Ideas of The Restoration In English Literature, 1660–71
Macmillan, 224 pp, $48 hb
With Dryden out of favour and Rochester still only a cult enthusiasm, ‘Restoration literature’ is likely to evoke for most readers only stage comedy, yet likely to seem to a casual reader to promise only scholarly drudgery in justly neglected corners, crowned by an inadequate, hurried examination of a major work, Samson Agonistes, looking sadly astray in this company.
It is true, I think, that the chapter on Samson is inadequate to the work (and it is not quite clear why the even more formidable. Paradise Lost escapes attention); it is true, too, that it has little affinity with the rest of the literature Jose discusses. On the other hand, if his discussion of Samson is slight (and of course an adequate account would have utterly unbalanced the book), it is brisk, original and provocative – this chapter alone elicits in the author a critical intelligence to match the scholarly intelligence deployed elsewhere; and Jose is easily able to take Milton’s work as exemplary, revealing the nature of his contemporaries’ inadequacy.
Baldly, the Restoration of Charles was a measure taken in the absence of any other carrying conviction, but it answered to no deep conviction itself. A crucial passage of Dr Jose’s conclusion is worth quoting:
There was a degree of provisionality and uncertainty at the heart of the Restoration settlement. There was nothing that could be pointed to as ‘social reality’. Political exigencies were confused. There was no received version of the immediate past, and hence no established ways of seeing the present or anticipating the future; and the literary conventions to hand were in various ways anachronistic or inappropriate. In such a situation, in answer to a wide-spread and many faceted desire for reparation and restoration, the poets engaged in an art of fabrication. A naive craftsman like Sir William Davenant, for example, was concerned to work up a coherent and positive view of the king’s return. He made his job straightforward by the exclusion of complicating doubts and alternatives …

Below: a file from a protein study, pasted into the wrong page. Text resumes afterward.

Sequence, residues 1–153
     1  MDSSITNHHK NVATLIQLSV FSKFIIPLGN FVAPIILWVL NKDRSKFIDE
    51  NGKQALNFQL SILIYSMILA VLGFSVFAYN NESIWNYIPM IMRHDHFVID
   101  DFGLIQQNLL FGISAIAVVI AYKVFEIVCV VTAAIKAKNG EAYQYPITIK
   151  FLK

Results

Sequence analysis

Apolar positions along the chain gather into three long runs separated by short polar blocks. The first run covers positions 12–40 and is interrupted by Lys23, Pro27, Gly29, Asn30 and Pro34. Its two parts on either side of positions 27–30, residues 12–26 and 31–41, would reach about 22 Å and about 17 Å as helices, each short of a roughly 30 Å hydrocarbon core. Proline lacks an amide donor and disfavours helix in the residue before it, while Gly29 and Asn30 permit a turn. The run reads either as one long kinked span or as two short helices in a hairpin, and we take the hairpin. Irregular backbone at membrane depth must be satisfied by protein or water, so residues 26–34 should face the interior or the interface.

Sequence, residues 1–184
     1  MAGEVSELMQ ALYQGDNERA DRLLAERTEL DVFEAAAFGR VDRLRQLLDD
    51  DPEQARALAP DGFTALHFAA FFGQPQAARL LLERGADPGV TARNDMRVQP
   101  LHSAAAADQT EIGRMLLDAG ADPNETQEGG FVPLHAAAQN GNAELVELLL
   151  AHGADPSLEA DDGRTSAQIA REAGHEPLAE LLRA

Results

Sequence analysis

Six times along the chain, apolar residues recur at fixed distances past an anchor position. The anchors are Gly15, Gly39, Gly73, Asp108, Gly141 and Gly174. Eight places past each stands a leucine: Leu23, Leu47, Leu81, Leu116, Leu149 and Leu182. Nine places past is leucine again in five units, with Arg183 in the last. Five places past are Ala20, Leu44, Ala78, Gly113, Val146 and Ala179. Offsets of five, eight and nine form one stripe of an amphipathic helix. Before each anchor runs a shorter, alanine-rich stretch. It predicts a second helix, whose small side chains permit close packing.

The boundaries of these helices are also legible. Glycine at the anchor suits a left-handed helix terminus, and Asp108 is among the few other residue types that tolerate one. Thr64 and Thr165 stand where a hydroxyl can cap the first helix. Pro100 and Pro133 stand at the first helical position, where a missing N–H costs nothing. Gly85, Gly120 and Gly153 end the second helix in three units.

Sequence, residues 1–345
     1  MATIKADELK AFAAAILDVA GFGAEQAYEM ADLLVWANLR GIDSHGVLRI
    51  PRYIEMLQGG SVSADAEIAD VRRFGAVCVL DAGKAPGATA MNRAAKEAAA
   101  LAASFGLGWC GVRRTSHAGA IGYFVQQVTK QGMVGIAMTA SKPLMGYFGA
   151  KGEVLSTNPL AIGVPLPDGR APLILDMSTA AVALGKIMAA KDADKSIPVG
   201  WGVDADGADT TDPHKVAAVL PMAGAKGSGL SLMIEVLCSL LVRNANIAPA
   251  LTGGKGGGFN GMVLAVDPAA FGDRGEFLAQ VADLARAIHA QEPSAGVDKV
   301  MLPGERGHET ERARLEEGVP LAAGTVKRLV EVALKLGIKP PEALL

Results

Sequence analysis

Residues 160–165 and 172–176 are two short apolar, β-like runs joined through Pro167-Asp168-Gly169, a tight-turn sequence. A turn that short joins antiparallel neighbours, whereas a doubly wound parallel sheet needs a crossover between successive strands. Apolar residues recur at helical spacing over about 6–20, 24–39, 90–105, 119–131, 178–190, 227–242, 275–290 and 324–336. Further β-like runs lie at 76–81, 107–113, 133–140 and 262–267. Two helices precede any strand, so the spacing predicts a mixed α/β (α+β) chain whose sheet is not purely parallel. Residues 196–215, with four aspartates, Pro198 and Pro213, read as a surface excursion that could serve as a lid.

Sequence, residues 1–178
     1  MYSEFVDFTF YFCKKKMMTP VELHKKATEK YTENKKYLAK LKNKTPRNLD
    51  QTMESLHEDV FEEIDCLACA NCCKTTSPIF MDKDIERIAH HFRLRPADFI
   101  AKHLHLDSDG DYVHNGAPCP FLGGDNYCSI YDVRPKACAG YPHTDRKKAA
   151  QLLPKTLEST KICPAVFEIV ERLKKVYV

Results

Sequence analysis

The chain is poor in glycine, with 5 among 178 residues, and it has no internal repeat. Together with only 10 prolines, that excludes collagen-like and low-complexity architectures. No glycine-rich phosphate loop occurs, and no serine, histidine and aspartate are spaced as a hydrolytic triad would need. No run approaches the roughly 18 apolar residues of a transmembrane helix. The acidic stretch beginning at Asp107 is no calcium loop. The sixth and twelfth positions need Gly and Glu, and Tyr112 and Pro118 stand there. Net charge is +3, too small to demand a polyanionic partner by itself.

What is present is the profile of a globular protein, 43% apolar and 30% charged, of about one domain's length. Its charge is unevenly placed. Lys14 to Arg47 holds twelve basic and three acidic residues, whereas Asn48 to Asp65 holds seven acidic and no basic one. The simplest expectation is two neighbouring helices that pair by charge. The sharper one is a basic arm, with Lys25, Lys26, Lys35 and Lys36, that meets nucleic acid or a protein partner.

Milton, of course, stands utterly opposed to all this. Most interesting, though, is Marvell who, unlike Milton reconciled to the Restoration, nevertheless was able to be swingingly critical of government. I have long been mildly fascinated by his very uneven, at times scabrous satire, Last Instructions to a Painter, which reveals a poet very different from the lyricist who has monopolised attention for the last fifty years. It is satisfying to have this poem set in its historical context in Jose’s sixth chapter, ‘The Poetry of the Second Dutch War’.
After Samson Agonistes, Marvell’s poem is the work that most wins Jose’s respect; it is a pity that he does not devote more critical attention to it and it’s place in English poetry: that he thinks the latter as significant as I do is signalled clearly enough by a parenthetical reference to ‘Marvell’s successors – Swift, Gay, Pope and Johnson.’. Nevertheless, we may be grateful for the book we have, which is never less than informative and readable. Like many monographs that stem from doctoral theses, this carried in its Preface a burden of acknowledgement that, faintly comically, gives the sense of the completion of an exhaustive lifework. We can hope, on the contrary, that this is only a distinguished beginning.